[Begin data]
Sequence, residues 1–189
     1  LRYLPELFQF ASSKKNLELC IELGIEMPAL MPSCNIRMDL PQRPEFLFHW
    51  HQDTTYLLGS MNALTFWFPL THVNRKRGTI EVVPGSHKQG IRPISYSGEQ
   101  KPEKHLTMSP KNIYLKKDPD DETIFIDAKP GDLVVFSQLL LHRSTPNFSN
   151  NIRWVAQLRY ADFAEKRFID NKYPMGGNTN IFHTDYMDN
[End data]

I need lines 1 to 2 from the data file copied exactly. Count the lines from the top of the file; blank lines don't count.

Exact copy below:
Sequence, residues 1–189
     1  LRYLPELFQF ASSKKNLELC IELGIEMPAL MPSCNIRMDL PQRPEFLFHW